On hot, humid summer days there are cooling options besides dipping in the pool and drinking a gallon of ice tea.
One choice is cleaning closets, but only if the house is air-conditioned. Turn the stat to a cool 70 degrees and let the closet exploration begin. I question that anyone in the Heartland has more interesting closet contents than I do. I am not referring to what is in the average clothes closet, like blouses, skirts, and slacks that haven't been on this body in years.
If you have trouble discarding clothing, try 10 containers of treasured material gathered on trips all over the world. Haven't you heard the song "Around the World in 10 boxes?" I wrote it. Home is good, but travel is educational and more fun. In addition to the homework that should precede a trip, I still say never pass up a travel brochure or a map, and buy a good book to take home for reference. It's a personal rule that has become overwhelming. The storage containers are not shoeboxes but hefty sizes.
The project took three days because I am reminiscing as I sort through the boxes, and the more I reminisce, the more difficult it is to take things to the trash. I can get it downstairs to the sun porch, but then I go get it back. Anything regarding Machu Picchu in Peru will never be thrown out. Of my many trips, it is the one I think about most often and wonder if I should go again. It's an easy flight from Miami to Lima, Peru, and from there to Cuzco, and on by train to Machu Picchu, the ancient Incan civilization on the side of a high mountain. It's a tough climb up the steep mountain, and breathtaking beyond description. The Incans worshipped the sun and put their best hand-hewn stone blocks forward to get as close to their god as they could. I could meditate for hours overlooking the ancient ruins and marvel at their ingenuity 2,000 years ago.
In contrast, only cookbooks were saved from a Puerto Rico box. It is not a place I would return to. I just couldn't get with it in sweltering hot San Juan, even though it is a plus not to have to exchange money because it is a United States commonwealth, has miles of beaches, and a fascinating array of foods influenced by many cultures.
If money and health allowed, I would return to Kenya, if for no other reason than to have tea with the giraffes at the Giraffe Manor, next to the Giraffe Center, near Nairobi. The handsome animals with batting eyelashes and 18-inch tongues are pets of the manor house owners. They bend their long necks low to peer through the window to watch us having tea and crumpets. One of the giraffes ducked its head to follow me into the house until he was lured away with a treat. Overnight guests booked on the second floor can expect to see the curious, friendly animals looking in the window.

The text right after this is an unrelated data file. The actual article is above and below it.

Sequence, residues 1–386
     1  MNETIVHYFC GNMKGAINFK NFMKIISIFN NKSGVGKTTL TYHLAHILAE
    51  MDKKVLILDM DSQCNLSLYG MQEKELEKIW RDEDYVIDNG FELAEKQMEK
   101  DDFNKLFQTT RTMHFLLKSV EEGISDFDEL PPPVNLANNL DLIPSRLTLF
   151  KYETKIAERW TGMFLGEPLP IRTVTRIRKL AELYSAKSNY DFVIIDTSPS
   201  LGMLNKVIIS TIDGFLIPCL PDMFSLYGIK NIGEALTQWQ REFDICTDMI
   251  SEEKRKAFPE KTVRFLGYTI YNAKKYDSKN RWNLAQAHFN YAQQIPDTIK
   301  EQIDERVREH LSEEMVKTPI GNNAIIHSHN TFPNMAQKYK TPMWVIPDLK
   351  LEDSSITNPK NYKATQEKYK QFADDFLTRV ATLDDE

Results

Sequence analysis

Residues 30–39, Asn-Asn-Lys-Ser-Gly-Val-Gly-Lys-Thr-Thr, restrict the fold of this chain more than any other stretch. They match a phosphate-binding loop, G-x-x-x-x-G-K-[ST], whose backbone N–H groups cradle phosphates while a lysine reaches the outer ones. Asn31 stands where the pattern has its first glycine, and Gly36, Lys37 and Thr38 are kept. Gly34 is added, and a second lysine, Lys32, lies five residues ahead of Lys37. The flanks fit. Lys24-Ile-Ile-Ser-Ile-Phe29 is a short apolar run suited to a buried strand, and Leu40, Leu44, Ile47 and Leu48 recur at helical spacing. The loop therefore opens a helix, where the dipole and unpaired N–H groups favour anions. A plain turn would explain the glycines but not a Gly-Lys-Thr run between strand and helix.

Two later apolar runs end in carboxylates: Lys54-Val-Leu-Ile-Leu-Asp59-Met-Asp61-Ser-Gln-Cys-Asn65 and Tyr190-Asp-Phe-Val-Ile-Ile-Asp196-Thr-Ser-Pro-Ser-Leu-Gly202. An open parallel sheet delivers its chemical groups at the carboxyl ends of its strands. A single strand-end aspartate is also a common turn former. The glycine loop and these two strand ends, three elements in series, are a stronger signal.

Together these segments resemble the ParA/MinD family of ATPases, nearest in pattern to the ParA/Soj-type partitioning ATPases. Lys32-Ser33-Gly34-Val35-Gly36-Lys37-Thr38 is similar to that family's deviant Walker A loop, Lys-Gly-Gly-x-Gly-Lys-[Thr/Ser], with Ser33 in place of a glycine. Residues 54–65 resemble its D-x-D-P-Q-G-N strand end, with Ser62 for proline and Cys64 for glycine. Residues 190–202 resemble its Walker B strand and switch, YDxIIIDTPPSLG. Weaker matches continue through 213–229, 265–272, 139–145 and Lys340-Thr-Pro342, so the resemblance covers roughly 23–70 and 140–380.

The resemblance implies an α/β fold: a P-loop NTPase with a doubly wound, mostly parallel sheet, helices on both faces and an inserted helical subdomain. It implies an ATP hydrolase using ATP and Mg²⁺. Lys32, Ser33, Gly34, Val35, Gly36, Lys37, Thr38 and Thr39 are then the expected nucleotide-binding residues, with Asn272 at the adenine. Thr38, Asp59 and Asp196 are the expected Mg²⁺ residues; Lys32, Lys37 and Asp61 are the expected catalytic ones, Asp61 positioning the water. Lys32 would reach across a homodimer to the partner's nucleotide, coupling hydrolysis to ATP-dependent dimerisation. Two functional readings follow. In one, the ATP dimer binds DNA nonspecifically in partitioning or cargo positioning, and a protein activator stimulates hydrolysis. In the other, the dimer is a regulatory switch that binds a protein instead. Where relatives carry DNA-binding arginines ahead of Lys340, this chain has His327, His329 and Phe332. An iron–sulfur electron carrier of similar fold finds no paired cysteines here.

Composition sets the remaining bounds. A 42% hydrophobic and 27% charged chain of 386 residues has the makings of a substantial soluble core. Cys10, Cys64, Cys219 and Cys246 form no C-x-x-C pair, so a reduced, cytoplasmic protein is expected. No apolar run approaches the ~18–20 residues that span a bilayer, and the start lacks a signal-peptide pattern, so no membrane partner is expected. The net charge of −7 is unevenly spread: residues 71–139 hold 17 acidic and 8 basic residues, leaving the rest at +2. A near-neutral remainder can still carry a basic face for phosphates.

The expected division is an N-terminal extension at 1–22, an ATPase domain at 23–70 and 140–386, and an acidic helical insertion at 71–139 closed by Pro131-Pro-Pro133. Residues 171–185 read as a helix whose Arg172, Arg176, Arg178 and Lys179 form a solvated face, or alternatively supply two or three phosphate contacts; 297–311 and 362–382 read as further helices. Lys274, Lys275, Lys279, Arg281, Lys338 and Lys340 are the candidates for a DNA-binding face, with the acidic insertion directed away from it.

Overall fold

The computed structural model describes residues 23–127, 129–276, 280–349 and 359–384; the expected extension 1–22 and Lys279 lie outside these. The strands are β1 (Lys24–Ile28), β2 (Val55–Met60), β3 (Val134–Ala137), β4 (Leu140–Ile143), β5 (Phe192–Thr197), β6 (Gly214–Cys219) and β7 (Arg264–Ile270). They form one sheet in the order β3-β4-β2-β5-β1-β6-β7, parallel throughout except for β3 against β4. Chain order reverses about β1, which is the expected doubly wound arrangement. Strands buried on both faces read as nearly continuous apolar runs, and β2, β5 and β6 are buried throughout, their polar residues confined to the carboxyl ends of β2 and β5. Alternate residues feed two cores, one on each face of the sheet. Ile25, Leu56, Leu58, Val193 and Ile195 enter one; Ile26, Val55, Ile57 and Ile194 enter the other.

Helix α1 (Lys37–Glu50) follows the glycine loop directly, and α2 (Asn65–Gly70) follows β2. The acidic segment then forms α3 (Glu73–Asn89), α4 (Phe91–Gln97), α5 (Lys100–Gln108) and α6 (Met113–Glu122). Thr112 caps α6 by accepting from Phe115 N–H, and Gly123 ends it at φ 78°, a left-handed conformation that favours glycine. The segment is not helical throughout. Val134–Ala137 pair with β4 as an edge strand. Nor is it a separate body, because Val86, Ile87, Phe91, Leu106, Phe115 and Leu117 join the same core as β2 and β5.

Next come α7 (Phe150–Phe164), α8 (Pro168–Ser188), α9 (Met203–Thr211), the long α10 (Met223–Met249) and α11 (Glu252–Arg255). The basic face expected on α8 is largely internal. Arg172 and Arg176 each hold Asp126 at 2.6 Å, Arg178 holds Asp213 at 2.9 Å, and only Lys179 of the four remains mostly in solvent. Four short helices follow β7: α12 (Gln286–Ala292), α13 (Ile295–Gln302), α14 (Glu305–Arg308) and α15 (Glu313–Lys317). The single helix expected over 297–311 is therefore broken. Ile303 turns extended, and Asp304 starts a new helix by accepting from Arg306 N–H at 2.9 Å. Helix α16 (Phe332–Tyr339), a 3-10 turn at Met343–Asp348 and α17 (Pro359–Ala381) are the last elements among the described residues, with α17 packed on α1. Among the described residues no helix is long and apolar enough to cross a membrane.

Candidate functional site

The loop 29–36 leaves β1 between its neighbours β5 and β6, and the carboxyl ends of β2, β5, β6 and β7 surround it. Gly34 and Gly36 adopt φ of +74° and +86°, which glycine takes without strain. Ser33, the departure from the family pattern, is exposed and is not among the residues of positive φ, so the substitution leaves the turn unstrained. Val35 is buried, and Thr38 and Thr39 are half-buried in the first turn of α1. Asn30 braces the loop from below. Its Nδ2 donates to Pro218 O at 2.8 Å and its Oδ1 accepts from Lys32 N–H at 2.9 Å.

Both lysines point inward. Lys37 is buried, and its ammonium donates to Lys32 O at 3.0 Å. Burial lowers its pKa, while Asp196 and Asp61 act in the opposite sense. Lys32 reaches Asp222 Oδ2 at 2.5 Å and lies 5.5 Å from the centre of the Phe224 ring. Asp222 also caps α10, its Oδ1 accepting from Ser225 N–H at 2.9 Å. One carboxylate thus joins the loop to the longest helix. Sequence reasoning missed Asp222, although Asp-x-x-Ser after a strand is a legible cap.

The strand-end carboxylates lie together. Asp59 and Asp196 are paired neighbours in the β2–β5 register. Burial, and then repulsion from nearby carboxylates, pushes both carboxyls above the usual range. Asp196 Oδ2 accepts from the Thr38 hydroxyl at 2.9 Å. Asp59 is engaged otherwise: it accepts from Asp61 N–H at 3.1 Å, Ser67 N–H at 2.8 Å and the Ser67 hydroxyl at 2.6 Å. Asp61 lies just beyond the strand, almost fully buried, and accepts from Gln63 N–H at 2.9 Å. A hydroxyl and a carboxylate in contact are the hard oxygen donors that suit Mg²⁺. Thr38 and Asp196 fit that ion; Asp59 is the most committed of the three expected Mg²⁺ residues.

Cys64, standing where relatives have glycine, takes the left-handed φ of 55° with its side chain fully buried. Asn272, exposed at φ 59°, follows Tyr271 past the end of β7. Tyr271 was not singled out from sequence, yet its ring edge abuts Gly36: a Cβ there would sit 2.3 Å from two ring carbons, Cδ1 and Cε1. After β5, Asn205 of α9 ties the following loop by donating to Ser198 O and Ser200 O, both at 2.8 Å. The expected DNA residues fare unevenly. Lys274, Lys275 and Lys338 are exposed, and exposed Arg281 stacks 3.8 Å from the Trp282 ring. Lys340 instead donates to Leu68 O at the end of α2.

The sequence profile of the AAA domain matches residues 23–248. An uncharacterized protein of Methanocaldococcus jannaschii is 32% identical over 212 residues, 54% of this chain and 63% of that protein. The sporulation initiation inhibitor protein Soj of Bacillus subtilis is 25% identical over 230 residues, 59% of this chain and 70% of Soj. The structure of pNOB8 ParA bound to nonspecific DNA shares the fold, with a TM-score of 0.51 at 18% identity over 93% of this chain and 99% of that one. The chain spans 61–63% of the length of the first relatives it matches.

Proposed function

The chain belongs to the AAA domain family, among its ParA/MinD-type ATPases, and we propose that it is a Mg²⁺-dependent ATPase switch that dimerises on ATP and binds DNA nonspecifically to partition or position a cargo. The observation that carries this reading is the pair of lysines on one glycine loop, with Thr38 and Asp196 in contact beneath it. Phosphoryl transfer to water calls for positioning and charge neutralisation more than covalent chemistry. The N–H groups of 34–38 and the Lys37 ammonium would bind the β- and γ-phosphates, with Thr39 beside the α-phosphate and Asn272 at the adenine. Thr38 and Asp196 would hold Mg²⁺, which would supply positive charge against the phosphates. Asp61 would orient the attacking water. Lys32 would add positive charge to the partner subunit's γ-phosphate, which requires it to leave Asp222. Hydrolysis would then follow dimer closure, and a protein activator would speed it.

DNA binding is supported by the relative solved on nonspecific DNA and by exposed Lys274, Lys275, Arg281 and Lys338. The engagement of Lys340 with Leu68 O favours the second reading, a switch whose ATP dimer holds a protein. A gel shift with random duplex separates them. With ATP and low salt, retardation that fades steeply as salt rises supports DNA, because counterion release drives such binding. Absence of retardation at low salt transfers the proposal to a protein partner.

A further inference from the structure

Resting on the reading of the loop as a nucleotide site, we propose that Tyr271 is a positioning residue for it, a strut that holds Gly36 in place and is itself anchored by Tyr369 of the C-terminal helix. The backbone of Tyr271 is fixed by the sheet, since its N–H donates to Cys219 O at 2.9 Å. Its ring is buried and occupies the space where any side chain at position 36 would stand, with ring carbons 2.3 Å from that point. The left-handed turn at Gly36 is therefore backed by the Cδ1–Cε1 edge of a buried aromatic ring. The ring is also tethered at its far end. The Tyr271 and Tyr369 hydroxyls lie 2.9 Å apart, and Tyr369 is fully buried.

Kenya is a country of diverse moods. After driving through thousands of acres of wilderness where animals roam free, suddenly the Land Rover arrived at an upscale gated hotel with all conveniences. Because the visitor can be certain native families will be begging at the gate the next morning, the enjoyment of the hotel is mixed with sadness. Many times since giving her the pens from my purse, I have thought of Alaine, a lovely little girl at the gate who wanted to write.
One of the heaviest containers that is back on a closet shelf, untouched, is labeled "Nova Scotia" in big red letters. The maritime province has been pure delight on each of three trips. All were in summer. I imagine it gets pretty chilly in winter, but for right now it's a grand destination; drive or fly to Halifax and head out from there. Expect lupins blooming in wild abandon on the roadside, and if you are lucky a church is having a lobster dinner for a few dollars.
Digby is the charming fishing village that claims to be the scallop capitol of the world, and it is my Digby's namesake. I should take him there to meet the mayor.
Nova Scotia is a gathering of quaint towns with hospitable people. It's a good idea to take extra days to go to Prince Edward Island, Canada's smallest province, either by ferry or driving on a beautiful new bridge. When I am asked for memories of the best meal anywhere, I recite the story of the steamed mussels and crusty, heavily buttered bread eaten on a party boat on the Montague River at Prince Edward Island. Lunch on board was a double whammy. Not only were great mounds of mussels steaming in large cookers under our noses, but the boat passed mussel-harvesting production near the shore. It doesn't get any fresher or more casual than that. For the record, a September trip will be to western Canada, to Calgary, to board a train to travel through the Rocky Mountains, with stops in scenic cities and ending in Vancouver.
A lesson in Cardiff, Wales emphasizes the importance of brochures. We were not certain how to see Wales until we picked up a brochure left in a hotel lobby by a retired couple who take small groups in their van. We lucked out. Their three-day guided tour was a highlight of a trip to Wales, Ireland, and Scotland. Travelers should be cautious, but we must also be open-minded to learn all that we can about faraway places from people who live there.
I hope a discarding mood will prevail as more than 500 photographs are sorted. But it's like the natives in Nairobi say when the bus is listing from so many people clinging to the outside, and others eager to climb on: "There is always room for one more."
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